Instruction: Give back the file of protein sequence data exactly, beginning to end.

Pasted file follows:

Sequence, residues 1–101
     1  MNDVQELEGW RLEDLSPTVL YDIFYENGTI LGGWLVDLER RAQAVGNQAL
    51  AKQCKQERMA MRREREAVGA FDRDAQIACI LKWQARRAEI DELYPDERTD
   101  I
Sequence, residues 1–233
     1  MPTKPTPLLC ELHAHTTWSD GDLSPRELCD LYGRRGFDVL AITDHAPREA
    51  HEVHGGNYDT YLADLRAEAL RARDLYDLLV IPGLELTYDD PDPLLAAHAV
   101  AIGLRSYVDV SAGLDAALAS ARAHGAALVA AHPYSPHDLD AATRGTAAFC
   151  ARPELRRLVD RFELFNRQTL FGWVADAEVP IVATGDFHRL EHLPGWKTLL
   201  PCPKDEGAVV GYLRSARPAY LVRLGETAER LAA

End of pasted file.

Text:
Sequence, residues 1–101
     1  MNDVQELEGW RLEDLSPTVL YDIFYENGTI LGGWLVDLER RAQAVGNQAL
    51  AKQCKQERMA MRREREAVGA FDRDAQIACI LKWQARRAEI DELYPDERTD
   101  I
Sequence, residues 1–233
     1  MPTKPTPLLC ELHAHTTWSD GDLSPRELCD LYGRRGFDVL AITDHAPREA
    51  HEVHGGNYDT YLADLRAEAL RARDLYDLLV IPGLELTYDD PDPLLAAHAV
   101  AIGLRSYVDV SAGLDAALAS ARAHGAALVA AHPYSPHDLD AATRGTAAFC
   151  ARPELRRLVD RFELFNRQTL FGWVADAEVP IVATGDFHRL EHLPGWKTLL
   201  PCPKDEGAVV GYLRSARPAY LVRLGETAER LAA